In a whirlwind month for sun-kissed islands around Europe, Hublot managed to release three new pieces celebrating the brand’s presence on Capri, Ibiza, and Mykonos. While every piece is quite different in composition, there is a distinct summery theme running through the three new models (all of which are strictly limited). Sky blues, whites, and a decidedly breezy character have been applied to this new trio of special editions, with a couple of charming elements that mark this run as essential wrist candy for island-hopping holidaymakers.
Hublot knows its market. It isn’t the first time the LVMH powerhouse has dropped a release specific to a Mediterranean island. There is not a huge amount for brand lovers to get excited about, aside from the unusual photo-realistic caseback decoration of the Capri model, the icy-blue ceramic elements on the Capri and the Mykonos models, and the reuse of the “windmill” seconds disc on the Mykonos models. The Ibiza piece — the white and dark blue effort with the gimmicky “Hublot Loves Ibiza” caseback printing — offers the least in terms of worthwhile novelty, but its more straightforward colorway and decidedly nautical feel may see it doing rather well with moneyed yacht owners.
And so, to the nitty-gritty of the models themselves: The Hublot Classic Fusion Chronograph Capri (reference 521.EX.8920.RW.CAP19) is perhaps the most feminine of the bunch. Hublot makes no attempt to describe the shade of blue as anything other than simply “sky blue” here, which is a rare missed opportunity for a high-end watchmaker to talk at length about the specialness of their version of blue. While I commend Hublot for not stumbling headlong into one of my greatest pet peeves, on this occasion the blue is so uncommon a shade, perhaps it should be given a ridiculously emotive name so we stop and talk about it and whether or not it is a color that sits comfortably on a watch with a five-figure price tag.
There appears to be a greenish, more turquoisey hint to it that, to my eye, makes it even more feminine than just a straight-up North Carolina Tar Heels shade of sky blue. It is certainly not an unattractive color in isolation, but there is an awful lot of it on this watch, given its use of the polished and satin-finished ceramic bezel and the sunray dial. And at 45mm, this timepiece is no shrinking violet. At least its thickness of 13.05mm is not so significant that this model would wear like a brick on the end of a rope.
The Ibiza model (521.EX.2090.LR.IBZ19) has identical dimensions but a starkly different colorway. The dark blue ceramic case surrounds a crisp matte white dial with CVD-treated appliques. It is a stark affair, but one that will, no doubt, have its followers. While the goofy caseback decoration won’t be for everyone, I’m sure it will strike a chord with regular visitors to the island and be enjoyed by some. Both the Ibiza and the Capri models are powered by caliber HUB1143, an automatic chronograph movement containing 280 parts. It has an operating frequency of 28,800vph and a power reserve of 42 hours.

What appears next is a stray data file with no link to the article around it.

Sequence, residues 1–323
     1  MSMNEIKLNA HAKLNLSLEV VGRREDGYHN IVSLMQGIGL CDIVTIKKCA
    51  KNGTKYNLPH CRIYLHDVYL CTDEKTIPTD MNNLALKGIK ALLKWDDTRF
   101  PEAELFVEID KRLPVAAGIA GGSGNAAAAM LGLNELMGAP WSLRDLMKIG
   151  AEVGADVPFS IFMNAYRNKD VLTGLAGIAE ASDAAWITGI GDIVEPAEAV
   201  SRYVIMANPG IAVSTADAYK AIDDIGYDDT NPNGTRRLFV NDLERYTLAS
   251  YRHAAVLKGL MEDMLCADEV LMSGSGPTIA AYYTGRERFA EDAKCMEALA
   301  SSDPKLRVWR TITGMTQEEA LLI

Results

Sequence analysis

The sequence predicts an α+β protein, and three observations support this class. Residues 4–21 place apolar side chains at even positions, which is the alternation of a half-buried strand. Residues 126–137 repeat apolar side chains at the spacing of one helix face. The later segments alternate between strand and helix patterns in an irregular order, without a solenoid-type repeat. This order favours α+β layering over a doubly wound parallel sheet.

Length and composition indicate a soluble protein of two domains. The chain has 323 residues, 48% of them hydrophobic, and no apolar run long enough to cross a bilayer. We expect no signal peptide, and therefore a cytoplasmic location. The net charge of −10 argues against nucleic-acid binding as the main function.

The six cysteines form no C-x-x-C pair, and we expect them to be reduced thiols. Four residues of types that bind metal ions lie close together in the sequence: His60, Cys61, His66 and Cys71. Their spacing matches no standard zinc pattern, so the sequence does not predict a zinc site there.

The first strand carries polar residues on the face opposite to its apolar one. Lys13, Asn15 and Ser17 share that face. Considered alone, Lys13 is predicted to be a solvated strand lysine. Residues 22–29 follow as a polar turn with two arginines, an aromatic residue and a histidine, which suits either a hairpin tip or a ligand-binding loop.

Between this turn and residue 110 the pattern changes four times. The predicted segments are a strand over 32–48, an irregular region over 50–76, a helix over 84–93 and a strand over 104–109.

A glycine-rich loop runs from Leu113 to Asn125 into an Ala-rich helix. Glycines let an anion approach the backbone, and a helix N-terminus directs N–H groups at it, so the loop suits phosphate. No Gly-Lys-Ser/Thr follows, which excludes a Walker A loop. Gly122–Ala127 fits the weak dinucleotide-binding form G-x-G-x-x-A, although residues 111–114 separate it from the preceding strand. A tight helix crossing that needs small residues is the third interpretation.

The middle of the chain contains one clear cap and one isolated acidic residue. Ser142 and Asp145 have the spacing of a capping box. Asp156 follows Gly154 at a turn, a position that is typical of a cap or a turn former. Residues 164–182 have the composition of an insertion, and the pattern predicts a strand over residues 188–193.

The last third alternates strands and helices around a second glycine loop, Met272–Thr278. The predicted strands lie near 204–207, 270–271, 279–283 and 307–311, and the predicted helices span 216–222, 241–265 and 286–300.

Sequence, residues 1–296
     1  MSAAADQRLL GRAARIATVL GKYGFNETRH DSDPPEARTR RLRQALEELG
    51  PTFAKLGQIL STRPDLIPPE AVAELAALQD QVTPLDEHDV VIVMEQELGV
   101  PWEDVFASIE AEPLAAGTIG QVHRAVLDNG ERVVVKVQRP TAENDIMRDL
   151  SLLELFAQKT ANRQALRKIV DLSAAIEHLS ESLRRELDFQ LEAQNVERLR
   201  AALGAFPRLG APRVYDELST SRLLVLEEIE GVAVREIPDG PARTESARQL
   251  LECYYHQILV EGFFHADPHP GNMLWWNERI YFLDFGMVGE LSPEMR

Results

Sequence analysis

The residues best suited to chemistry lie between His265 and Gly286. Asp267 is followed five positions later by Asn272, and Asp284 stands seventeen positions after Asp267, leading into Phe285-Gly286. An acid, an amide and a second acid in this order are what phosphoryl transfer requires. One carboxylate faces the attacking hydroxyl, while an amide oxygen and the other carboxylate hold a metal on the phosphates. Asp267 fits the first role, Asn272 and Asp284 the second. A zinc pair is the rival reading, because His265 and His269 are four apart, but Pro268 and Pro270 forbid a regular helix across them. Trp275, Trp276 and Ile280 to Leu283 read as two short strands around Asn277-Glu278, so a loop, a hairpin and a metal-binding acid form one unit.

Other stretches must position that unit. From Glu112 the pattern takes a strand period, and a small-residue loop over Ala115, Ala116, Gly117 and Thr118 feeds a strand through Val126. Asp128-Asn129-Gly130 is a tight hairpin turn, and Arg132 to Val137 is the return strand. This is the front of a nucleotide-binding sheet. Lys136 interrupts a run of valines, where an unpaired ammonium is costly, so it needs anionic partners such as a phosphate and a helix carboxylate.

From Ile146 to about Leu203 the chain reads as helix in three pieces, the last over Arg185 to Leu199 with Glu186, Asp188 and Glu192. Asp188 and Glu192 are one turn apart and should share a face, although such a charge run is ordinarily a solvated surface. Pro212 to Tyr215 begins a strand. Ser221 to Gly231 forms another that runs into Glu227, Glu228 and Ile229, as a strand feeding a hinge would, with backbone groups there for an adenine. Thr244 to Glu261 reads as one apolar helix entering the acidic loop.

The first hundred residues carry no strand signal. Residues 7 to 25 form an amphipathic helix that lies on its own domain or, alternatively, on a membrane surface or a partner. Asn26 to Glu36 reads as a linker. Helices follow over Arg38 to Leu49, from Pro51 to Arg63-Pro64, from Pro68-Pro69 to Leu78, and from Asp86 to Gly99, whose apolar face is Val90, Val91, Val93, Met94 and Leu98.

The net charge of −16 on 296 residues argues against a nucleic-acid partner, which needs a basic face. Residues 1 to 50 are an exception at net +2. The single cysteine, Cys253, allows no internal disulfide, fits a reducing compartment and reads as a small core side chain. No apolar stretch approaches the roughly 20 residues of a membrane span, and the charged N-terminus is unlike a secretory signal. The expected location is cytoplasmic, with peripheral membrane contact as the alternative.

Although I can’t believe I’m saying this, my personal favorite in this release is the titanium-cased Mykonos model (reference 525.NL.0179.LR.MYO19). The island, famous for its wind and traditional windmills, is a popular haven for wealthy tourists quite happy to spend tens of thousands on Mykonos-themed souvenirs (especially of the luxury variety). The main street of Mykonos is heaving with luxury boutiques, and products tweaked to reference the iconic windmills that line the coast, staring down the enthusiastic sea. The skeletonized seconds disc on both the titanium and King Gold versions (reference 525.OL.0189.LR.MYO19) adds a nice flash of color to a wisely austere dial that makes full use of caliber HUB1155’s good looks. While HUB1155 has the same operating frequency and power reserve as the 1143, it has 73 fewer components. Thus, its architecture is a bit more blockish and modernist, lending itself perfectly to skeletonization and dial-side exposure.
Both Mykonos models are 45mm, just like the Capri and Ibiza variants, but they are a touch thicker at 13.40mm-tall on the wrist. All of these supposedly beach-ready limited editions are water-resistant to just 50 meters, so not really suitable for taking into the ocean with you for a vigorous workout.
There will be 30 individually numbered pieces of the Capri design, and 50 such pieces for the other models. The Capri model retails for $14,100, the Ibiza version $400 more at $14,500, and the Mykonos models are going for $17,700 for the titanium piece and $33,500 for the King Gold reference. Available now from a Mediterranean island near you. Learn more at hublot.com.